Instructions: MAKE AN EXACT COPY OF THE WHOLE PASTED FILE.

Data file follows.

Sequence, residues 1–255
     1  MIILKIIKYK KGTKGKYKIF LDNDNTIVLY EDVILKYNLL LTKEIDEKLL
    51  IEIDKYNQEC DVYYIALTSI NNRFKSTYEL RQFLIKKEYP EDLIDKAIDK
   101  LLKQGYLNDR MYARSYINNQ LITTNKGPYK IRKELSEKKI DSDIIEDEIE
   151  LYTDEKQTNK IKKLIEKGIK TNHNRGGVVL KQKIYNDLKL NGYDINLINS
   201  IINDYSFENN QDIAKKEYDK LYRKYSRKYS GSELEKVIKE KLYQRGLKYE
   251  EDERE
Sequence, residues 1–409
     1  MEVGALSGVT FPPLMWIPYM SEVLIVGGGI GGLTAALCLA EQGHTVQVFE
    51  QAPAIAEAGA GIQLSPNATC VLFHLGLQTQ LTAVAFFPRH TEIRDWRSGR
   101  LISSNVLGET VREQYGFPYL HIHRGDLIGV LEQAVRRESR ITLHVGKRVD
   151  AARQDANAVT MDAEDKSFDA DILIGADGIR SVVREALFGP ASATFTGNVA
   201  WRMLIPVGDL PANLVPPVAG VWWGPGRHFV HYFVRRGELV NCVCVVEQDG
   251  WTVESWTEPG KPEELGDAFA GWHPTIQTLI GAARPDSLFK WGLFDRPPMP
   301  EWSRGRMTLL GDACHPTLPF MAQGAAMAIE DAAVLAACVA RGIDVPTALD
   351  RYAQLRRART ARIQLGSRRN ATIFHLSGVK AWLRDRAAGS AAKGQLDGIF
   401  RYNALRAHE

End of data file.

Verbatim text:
Sequence, residues 1–255
     1  MIILKIIKYK KGTKGKYKIF LDNDNTIVLY EDVILKYNLL LTKEIDEKLL
    51  IEIDKYNQEC DVYYIALTSI NNRFKSTYEL RQFLIKKEYP EDLIDKAIDK
   101  LLKQGYLNDR MYARSYINNQ LITTNKGPYK IRKELSEKKI DSDIIEDEIE
   151  LYTDEKQTNK IKKLIEKGIK TNHNRGGVVL KQKIYNDLKL NGYDINLINS
   201  IINDYSFENN QDIAKKEYDK LYRKYSRKYS GSELEKVIKE KLYQRGLKYE
   251  EDERE
Sequence, residues 1–409
     1  MEVGALSGVT FPPLMWIPYM SEVLIVGGGI GGLTAALCLA EQGHTVQVFE
    51  QAPAIAEAGA GIQLSPNATC VLFHLGLQTQ LTAVAFFPRH TEIRDWRSGR
   101  LISSNVLGET VREQYGFPYL HIHRGDLIGV LEQAVRRESR ITLHVGKRVD
   151  AARQDANAVT MDAEDKSFDA DILIGADGIR SVVREALFGP ASATFTGNVA
   201  WRMLIPVGDL PANLVPPVAG VWWGPGRHFV HYFVRRGELV NCVCVVEQDG
   251  WTVESWTEPG KPEELGDAFA GWHPTIQTLI GAARPDSLFK WGLFDRPPMP
   301  EWSRGRMTLL GDACHPTLPF MAQGAAMAIE DAAVLAACVA RGIDVPTALD
   351  RYAQLRRART ARIQLGSRRN ATIFHLSGVK AWLRDRAAGS AAKGQLDGIF
   401  RYNALRAHE